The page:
droxide forming a mixed scale. In addition, some
antiscalants adhere strongly to silt by adsorption,
hence reducing the concentration of the additive
in the bulk solution to control chemical fouling,
e.g., calcium carbonate and magnesium hydrox-
ide. This could lead to severe fouling of the plant
if the additive concentration is not increased.
To control this scaling problem on heat trans-
fer surfaces in MSF and MED plants, the follow-
ing methods may be used: (a) acid treatment, (b)
additive treatment, and (c) mechanical cleaning.
The first method involves the addition of acid
which undergoes the following reactions:
HCO
3
-
+ H
+
====> H
2
O + CO
2
This method of scale control is effective but has a
number of drawbacks. These are:
S. Patel, M.A. Finan / Desalination 124 (1999) 6374 65
1. Stoichiometric amounts of acid must be
added to the seawater; usually a large quantity of
acid is required and is hazardous.
2. Addition of excess acid would give rise to
corrosion problems [4].
3. From Eq. (5), large volumes of CO
2
are re-
leased, hence additional equipment in the form of
a decarbonator is required to remove the CO
2
produced.
Due to these drawbacks, the second method is
more practical. Chemical additives are used to
control the formation of scale by having threshold,
crystal growth inhibition and crystal distortion
properties. The threshold properties may be de-
fined as maintaining the calcium and magnesium
ions in solution. Some of these threshold additives
have a marked effect on the crystal habit of the
scaling compound, such that the crystal either
stops growing or is distorted. The distorted crys-
tals are less likely to adhere to each other and to
metal surfaces. Polymers based on polycarboxylic
acid type chemistry also have the additional ad-
vantage of having dispersion properties of calcium
carbonate, magnesium hydroxide and silt. Poly-
mers can adsorb onto the particulate surfaces and
impart a like charge, hence repelling neighbouring
particles, thereby keeping the particles suspended
in solution.
The chemical additives that are currently in
use have one or more of these properties. These
are polyphosphates, phosphonates, polyacrylates
and polymaleates. They are either used on their
own or in combination with a mechanical cleaning
method, namely sponge ball cleaning. The latter
method removes any soft scale (which is formed
in the presence of an additive) that is deposited on
a heat transfer surface [5,6].
Polyphosphates are rarely used in MSF and
MED plants as these tend to cause additional scale
in the form of thick muddy deposits [7] as calcium
phosphate or mixed scale including phosphate
ions, which can strongly adhere to the heat trans-
fer surfaces and is difficult to remove.
In this study a new range of antifoulants, en-
hanced maleates [8], have been studied and com-
pared to the conventional additives currently in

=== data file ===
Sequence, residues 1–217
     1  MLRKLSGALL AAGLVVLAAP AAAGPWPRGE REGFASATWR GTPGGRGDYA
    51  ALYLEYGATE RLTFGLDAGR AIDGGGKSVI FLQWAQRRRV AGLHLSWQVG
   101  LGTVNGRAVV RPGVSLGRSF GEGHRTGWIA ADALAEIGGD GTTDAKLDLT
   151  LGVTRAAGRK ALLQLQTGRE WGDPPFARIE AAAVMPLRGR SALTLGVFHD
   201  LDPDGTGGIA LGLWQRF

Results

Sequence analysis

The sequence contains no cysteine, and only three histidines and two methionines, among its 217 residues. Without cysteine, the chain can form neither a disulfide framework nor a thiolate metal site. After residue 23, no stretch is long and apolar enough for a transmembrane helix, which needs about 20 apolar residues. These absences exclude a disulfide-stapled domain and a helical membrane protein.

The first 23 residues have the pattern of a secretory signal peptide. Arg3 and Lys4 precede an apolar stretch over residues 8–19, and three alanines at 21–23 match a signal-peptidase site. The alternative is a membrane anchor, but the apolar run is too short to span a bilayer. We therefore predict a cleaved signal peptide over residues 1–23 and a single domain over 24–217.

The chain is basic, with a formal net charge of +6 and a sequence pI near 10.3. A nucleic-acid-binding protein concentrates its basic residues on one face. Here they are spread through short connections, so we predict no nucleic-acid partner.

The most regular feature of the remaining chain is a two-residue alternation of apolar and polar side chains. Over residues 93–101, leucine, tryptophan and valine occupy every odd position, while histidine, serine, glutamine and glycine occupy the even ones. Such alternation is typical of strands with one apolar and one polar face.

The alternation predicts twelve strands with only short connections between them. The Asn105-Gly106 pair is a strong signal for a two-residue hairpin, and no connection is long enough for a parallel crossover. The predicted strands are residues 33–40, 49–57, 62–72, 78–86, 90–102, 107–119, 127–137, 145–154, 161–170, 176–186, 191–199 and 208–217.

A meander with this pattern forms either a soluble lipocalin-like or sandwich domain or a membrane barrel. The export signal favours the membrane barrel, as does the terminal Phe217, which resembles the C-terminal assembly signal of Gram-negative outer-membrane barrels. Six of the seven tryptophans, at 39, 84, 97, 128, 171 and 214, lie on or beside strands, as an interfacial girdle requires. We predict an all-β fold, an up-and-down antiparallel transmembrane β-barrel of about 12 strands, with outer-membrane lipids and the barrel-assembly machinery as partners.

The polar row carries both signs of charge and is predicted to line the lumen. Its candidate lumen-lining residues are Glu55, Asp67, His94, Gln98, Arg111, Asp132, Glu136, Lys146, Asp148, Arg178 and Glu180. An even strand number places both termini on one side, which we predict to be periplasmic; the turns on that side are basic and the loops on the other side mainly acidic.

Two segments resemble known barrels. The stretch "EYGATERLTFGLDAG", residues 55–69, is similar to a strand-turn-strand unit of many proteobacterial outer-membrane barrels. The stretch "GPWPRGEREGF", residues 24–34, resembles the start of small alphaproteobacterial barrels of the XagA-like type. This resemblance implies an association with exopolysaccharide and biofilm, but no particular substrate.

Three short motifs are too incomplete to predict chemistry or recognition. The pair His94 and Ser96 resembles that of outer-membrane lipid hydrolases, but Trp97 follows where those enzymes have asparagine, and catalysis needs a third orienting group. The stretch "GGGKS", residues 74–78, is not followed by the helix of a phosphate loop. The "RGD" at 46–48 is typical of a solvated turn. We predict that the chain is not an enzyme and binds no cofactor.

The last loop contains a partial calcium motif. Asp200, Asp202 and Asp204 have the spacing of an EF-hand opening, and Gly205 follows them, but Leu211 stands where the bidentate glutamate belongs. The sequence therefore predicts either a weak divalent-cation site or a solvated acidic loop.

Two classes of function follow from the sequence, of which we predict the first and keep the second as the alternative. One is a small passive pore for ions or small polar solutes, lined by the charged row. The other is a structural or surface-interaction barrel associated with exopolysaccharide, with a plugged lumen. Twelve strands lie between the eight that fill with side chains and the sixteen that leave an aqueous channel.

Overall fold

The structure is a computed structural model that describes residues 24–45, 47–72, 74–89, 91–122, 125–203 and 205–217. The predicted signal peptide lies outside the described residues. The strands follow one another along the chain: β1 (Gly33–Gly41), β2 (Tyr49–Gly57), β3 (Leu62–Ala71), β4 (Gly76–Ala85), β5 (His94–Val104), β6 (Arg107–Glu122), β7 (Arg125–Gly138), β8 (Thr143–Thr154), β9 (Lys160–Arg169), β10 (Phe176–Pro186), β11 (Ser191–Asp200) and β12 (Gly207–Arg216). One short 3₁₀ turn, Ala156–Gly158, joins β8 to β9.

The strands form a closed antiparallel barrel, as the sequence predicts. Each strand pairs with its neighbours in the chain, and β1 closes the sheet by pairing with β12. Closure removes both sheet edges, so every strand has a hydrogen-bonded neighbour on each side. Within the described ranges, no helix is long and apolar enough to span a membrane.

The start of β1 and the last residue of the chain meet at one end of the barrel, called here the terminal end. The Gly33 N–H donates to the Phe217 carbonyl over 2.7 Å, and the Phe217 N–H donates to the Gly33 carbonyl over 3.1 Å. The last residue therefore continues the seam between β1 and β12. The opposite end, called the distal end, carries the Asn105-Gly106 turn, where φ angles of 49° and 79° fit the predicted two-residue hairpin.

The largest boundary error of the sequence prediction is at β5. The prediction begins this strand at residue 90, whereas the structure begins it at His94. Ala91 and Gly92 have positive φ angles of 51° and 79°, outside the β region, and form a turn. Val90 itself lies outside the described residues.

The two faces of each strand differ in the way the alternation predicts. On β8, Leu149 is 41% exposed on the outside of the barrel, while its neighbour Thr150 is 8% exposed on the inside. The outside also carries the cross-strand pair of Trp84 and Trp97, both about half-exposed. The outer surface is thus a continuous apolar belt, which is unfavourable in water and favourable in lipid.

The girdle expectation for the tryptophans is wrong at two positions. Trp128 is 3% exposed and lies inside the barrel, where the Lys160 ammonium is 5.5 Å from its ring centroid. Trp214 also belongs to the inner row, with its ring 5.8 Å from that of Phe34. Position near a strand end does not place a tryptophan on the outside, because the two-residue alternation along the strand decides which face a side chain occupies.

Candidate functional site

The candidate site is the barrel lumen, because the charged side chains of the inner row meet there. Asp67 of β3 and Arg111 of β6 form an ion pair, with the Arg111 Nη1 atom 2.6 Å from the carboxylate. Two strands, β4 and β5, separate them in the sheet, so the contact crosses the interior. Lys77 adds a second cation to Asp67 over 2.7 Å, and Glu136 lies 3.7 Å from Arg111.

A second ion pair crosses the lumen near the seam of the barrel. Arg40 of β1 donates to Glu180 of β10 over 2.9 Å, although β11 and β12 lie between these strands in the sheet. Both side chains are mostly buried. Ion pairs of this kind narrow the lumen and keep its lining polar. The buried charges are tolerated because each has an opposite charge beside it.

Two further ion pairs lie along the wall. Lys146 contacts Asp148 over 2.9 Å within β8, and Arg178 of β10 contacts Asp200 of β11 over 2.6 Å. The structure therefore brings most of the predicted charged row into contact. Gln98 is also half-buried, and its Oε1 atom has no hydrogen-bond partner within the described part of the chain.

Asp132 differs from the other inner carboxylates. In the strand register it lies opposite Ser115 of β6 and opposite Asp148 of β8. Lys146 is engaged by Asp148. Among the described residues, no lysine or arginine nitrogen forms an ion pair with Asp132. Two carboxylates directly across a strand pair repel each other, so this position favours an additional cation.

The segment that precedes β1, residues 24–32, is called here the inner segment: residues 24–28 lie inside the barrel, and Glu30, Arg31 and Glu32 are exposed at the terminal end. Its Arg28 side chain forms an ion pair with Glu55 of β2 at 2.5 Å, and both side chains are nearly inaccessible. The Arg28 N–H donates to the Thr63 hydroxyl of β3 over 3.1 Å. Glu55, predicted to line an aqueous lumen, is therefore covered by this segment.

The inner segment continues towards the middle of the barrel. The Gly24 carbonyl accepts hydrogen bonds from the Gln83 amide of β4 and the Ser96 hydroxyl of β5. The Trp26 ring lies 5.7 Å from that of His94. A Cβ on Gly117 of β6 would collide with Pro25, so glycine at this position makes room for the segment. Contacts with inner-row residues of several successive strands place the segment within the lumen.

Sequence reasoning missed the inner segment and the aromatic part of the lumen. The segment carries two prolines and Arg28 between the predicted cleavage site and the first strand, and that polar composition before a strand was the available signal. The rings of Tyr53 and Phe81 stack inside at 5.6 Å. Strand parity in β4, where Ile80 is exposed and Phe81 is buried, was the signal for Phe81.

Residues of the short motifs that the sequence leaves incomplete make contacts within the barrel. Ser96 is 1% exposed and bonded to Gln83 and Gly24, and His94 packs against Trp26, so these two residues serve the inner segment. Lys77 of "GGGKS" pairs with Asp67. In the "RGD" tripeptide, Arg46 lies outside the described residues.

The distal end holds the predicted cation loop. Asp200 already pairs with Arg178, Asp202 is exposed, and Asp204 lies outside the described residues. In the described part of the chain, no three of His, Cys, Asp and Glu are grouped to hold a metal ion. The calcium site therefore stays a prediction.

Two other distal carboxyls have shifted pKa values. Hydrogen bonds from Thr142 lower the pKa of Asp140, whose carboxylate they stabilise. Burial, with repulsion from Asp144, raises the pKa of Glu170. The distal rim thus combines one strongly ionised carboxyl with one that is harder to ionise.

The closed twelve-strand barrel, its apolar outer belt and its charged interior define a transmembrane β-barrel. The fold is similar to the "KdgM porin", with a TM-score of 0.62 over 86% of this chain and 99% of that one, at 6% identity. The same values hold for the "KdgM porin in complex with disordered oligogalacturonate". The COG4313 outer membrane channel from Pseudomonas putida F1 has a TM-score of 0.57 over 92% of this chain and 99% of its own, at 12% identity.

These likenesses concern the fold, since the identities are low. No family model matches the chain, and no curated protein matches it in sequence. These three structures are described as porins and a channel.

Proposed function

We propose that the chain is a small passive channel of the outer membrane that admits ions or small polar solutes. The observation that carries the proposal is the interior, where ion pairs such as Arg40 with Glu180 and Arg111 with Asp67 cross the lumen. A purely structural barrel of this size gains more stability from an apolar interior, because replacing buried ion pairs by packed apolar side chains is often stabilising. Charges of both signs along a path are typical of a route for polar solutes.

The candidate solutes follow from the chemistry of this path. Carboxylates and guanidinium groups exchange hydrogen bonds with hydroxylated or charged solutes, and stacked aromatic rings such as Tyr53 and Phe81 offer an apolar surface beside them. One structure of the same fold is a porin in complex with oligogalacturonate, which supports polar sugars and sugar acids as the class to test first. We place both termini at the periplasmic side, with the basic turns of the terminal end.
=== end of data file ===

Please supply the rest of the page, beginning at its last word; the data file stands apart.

use. In order to compare these additives, a number
of tests were designed to provide not only the
performance characteristics of the individual
additive but also to identify the key mechanism by
which these additives retard scale under desalina-
tion conditions.
The objective of this work was to generate per-
formance profiles of individual additives such that
the appropriate additive can be matched to the
fouling characteristics of the desalination plant
and field tested on MSF and MED plants.
2. Experimental
2.1. Calcium carbonate deposition test
This test measures the additives ability to
control calcium carbonate deposition by three
mechanisms: (1) threshold, (2) nucleation at the
heated metal surface and (3) crystal growth inhi-
bition at the metal surface.
This test method utilizes a synthetic seawater
(Table 1). This water, containing an additive, is
pumped at constant flow rate through a coil 1.1
mm (ID) 316 stainless steel capillary tube
Table 1
Synthetic seawater chemistry used in calcium carbonate
deposition test
Calcium, mg/l as Ca
2+
Magnesium, mg/l as Mg
2+
Chloride, mg/l as Cl
-
Sodium, mg/l as Na
+
Carbonate, mg/l as CO
3
2-
Sulphate, mg/l as SO
4
2-
Potassium, mg/l as K
+
Total dissolved solids, mg/l
pH
400
1,200
18,711
10,522
184
2,623
395
34,037
8.6
S. Patel, M.A. Finan / Desalination 124 (1999) 6374 66
Fig. 1. Calcium carbonate deposition test rig.
immersed in water bath at 90C. Any calcium
carbonate deposition reduces the bore of the tube
and causes an increase in pumping pressure. The
rate of change in pressure across the capillary tube
was monitored by a pressure transducer and plot-
ted against time on a chart recorder. Two mg/l of
additive was maintained during the test, and the
time to reach a P of 1psi (6.895kPa) was meas-
ured. The set-up of this equipment is shown in
Fig. 1. The greater the time to reach P of 1psi,
the better the additive at controlling calcium
carbonate deposition.
2.2. Calcium carbonate crystal growth inhibition
test
This test is designed to measure the additives
ability to stop the growth of calcium carbonate
crystals in the bulk solution phase. A 100 cm
3
synthetic water (Table 2) containing 20mg of
calcium carbonate crystals was placed in a water
bath at 85C for 30 min. The solution was filtered
through a 0.45 filter and the soluble calcium